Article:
Incubation part 3: Why we (should) sleep on it

Why should we sleep on it? This post discusses incubation, sleep, and dream theory! My own experience, words from a sleep psychologist, and a wacky experiment examining the creative process.

"sleep and dreams and creativity" by Rachel Olsen: http://rachelolsen.blogspot.com.au/2012/10/dreaming-and-creativity.html

“sleep and dreams and creativity” by Rachel Olsen: http://rachelolsen.blogspot.com.au/2012/10/dreaming-and-creativity.html

My own experience:

So you remember how I was working on a novel and I just couldn’t finish it? Right, right, that was months ago. Well, I finally had a breakthrough!

I originally envisioned this novel in three parts, but currently only two parts of it work well. So I was thinking that parts one and two combined work as a standalone novel, with some revision.

But the problem that was to be solved was, at the end of part two, the heroine and her lover part on opposite sides of an intergalactic war. As enemies. So sad! And since I’m the kind of person who doesn’t deal well with sad endings (open that box of worms another day), this ending had to be fixed!

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Incubation: Creativity never sleeps… or does it?

Everyone has their own method.

Bill Watterson, “Calvin and Hobbes”

Last year I did a subject that asked us as creators to answer two questions: “Why do we create?” and “How do we create?”   You have to love Creative Industries assessments.

Mocking aside, however, these two questions are vital to understand if you intend to be creative successfully, or be creative for a living… or both.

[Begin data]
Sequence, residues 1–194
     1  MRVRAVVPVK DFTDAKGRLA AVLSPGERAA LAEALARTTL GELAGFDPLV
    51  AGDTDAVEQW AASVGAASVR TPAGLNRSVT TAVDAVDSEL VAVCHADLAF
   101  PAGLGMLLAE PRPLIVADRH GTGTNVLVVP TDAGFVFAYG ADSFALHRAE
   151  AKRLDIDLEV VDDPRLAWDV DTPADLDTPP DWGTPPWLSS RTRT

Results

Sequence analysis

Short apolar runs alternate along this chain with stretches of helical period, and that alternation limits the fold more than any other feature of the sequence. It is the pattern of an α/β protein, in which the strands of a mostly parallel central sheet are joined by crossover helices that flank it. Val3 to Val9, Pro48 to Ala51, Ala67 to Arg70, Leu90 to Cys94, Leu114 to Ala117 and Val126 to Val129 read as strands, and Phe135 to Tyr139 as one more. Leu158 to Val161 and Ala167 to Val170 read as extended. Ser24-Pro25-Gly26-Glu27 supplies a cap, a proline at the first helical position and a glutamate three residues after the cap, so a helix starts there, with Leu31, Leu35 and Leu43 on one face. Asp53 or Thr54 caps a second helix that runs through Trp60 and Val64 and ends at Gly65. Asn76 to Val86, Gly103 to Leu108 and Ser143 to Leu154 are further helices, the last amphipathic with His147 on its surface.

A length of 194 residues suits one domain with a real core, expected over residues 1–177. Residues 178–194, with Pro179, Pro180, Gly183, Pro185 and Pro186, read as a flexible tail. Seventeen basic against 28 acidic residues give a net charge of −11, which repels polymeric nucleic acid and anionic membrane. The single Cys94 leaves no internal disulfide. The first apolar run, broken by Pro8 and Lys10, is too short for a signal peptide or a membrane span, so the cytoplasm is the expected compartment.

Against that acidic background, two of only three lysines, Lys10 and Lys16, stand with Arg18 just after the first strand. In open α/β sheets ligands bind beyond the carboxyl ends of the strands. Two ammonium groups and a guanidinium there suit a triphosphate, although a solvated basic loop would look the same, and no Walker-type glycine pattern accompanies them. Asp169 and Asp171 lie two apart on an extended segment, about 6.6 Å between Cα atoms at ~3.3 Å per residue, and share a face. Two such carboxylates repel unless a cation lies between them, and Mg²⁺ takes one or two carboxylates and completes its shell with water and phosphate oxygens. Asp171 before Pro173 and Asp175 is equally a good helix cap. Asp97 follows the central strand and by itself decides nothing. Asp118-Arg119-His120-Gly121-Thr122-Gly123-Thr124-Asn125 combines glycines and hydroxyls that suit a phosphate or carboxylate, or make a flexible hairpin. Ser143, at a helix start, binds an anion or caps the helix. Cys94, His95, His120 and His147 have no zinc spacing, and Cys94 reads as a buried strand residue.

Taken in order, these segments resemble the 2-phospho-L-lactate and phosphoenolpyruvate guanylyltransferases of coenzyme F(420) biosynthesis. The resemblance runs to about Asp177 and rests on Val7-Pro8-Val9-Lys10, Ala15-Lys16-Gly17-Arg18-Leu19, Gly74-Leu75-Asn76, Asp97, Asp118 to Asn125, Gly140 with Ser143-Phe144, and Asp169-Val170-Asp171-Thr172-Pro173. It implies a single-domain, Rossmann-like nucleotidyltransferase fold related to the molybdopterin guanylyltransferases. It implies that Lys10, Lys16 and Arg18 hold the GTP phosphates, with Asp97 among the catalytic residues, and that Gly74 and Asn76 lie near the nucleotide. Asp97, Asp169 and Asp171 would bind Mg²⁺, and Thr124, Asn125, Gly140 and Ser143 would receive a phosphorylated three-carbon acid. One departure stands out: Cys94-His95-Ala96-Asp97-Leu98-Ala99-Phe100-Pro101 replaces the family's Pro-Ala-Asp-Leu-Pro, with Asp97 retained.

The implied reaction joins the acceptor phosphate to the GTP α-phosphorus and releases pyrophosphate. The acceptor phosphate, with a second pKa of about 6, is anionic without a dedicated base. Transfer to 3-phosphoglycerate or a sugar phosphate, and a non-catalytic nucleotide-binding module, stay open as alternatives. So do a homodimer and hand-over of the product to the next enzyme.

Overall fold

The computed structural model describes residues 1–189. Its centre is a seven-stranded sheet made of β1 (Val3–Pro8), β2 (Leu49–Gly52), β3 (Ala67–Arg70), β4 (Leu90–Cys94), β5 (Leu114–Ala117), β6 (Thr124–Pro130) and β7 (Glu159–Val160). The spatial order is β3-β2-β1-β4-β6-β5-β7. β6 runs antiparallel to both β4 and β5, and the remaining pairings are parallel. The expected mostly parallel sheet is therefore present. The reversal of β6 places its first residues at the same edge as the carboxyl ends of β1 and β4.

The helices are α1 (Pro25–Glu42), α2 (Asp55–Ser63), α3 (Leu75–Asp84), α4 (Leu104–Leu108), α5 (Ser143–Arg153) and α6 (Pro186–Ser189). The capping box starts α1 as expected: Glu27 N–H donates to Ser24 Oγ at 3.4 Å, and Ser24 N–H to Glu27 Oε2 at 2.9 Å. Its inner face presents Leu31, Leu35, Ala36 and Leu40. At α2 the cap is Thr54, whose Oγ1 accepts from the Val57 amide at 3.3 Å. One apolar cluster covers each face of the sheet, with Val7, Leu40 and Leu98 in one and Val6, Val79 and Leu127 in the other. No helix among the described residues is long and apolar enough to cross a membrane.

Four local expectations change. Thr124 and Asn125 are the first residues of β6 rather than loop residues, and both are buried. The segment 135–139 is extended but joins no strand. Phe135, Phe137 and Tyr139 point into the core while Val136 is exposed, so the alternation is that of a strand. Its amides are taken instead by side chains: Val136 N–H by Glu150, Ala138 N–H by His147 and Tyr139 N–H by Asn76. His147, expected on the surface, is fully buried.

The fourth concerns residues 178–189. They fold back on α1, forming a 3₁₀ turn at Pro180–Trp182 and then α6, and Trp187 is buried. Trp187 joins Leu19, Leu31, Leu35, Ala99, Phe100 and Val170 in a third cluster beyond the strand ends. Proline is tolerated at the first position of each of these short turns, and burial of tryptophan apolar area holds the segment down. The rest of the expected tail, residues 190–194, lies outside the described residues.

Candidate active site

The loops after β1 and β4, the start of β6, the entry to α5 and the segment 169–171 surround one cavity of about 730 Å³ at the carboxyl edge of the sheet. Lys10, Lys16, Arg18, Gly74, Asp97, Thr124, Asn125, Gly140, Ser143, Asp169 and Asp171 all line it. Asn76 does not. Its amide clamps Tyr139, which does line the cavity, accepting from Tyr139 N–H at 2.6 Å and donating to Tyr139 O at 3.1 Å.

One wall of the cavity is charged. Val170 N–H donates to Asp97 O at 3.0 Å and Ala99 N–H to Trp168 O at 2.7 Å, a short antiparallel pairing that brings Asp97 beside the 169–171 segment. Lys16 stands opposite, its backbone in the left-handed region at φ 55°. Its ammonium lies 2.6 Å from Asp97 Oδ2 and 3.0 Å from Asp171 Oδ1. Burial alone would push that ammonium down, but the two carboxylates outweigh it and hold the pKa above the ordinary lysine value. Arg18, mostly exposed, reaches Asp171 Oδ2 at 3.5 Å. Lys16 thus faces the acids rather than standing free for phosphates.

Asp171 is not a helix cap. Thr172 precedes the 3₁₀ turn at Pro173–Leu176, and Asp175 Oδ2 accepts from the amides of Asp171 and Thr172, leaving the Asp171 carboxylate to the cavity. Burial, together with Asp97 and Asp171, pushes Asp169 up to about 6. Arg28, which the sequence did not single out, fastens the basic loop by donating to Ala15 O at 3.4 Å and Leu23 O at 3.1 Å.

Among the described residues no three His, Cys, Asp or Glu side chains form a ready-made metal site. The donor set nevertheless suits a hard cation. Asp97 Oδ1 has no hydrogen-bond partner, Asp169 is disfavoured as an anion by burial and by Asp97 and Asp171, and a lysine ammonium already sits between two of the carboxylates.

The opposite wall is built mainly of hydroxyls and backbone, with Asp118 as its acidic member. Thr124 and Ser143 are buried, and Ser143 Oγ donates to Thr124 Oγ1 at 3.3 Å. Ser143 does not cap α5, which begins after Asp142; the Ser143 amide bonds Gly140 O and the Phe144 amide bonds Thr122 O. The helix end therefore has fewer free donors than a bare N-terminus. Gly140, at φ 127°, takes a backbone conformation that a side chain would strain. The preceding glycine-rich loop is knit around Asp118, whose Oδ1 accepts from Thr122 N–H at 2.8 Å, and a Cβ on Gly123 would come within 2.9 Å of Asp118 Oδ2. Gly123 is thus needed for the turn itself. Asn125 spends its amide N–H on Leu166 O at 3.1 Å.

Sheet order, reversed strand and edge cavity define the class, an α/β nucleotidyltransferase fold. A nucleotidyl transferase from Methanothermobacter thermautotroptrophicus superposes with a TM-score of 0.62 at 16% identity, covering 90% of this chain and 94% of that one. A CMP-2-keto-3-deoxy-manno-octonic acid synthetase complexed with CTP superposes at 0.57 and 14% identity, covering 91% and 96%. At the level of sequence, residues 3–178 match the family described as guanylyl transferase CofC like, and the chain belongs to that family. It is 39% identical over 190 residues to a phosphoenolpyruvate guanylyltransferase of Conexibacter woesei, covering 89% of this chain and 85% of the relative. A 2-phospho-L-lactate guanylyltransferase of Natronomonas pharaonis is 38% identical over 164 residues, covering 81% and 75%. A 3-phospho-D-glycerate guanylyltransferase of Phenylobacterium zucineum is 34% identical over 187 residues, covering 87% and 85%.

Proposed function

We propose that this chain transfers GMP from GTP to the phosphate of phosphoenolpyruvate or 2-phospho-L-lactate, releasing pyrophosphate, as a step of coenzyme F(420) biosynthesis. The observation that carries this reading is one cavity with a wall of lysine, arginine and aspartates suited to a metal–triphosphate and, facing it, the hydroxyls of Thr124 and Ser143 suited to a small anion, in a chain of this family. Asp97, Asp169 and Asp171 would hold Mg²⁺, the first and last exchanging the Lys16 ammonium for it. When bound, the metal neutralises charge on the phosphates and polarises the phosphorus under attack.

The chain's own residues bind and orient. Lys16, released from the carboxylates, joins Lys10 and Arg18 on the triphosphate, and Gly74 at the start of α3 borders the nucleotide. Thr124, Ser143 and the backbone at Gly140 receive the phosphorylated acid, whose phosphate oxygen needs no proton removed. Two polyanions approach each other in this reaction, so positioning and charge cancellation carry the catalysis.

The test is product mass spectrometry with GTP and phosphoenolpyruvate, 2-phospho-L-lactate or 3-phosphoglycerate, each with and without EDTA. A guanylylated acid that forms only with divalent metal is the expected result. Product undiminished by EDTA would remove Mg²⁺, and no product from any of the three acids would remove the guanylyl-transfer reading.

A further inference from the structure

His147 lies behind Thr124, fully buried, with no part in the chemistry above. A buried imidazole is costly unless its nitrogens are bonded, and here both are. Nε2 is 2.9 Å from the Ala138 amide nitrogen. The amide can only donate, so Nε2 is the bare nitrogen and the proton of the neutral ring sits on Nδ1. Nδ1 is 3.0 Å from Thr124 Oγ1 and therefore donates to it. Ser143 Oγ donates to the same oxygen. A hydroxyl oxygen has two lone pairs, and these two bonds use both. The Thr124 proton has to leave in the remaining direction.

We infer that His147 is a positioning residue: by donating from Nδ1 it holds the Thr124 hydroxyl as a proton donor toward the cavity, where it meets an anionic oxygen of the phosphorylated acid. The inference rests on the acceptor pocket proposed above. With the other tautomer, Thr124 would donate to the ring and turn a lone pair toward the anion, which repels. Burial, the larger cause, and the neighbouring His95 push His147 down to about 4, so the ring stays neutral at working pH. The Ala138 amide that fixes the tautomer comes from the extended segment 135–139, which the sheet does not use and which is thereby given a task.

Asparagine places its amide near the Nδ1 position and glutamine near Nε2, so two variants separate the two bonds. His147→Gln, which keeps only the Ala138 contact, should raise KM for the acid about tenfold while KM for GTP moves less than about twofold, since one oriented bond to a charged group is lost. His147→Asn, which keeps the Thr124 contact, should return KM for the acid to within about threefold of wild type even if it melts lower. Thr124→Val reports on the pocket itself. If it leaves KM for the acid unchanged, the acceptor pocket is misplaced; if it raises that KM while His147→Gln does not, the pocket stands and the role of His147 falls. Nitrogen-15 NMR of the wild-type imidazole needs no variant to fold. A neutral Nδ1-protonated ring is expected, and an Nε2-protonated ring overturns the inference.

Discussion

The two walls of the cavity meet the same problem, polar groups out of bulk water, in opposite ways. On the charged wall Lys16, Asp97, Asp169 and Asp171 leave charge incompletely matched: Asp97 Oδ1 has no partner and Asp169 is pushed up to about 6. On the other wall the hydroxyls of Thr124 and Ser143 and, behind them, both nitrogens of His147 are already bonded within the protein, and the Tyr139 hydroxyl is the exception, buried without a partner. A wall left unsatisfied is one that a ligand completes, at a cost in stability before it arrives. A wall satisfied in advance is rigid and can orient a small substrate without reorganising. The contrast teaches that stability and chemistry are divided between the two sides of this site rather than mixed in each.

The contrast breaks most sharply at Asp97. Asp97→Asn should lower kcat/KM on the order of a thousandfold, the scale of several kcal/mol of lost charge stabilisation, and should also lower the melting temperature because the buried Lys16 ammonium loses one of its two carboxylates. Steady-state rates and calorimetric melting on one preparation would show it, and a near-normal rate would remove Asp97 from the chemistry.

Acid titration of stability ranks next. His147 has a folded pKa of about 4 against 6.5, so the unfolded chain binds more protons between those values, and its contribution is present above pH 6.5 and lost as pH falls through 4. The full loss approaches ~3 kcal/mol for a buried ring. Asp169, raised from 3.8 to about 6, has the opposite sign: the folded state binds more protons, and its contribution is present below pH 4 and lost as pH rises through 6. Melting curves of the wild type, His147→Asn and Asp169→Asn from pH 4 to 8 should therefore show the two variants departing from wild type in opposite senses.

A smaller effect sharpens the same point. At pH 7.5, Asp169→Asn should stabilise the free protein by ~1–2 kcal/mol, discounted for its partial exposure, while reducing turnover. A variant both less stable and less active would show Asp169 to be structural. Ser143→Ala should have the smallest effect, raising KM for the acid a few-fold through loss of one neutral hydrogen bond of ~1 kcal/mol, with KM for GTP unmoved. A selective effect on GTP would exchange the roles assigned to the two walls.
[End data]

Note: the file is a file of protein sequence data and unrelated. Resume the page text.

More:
The reflective waffle which was our first assessment piece answered the first question, and I’ll post that shortly.   Literally.   The short answer after much research and navel-gazing amounts, almost universally, to: “We create because it’s fun.”   Bronowski says that humans do not choose to create unless they enjoy the process (1985, p 245).

However, the second question led into hours of delightful research, culminating in a research essay.   My task was to argue that, although there are differences between the disciplines of art, design, and media, these differences do not affect the fundamental process of creativity, and that this creates links between these disciplines.

What follows is my summary of the parts of my research related to one part of the traditional creative process: the incubation stage.   The full text of the research essay is available on my Full text research essays page.

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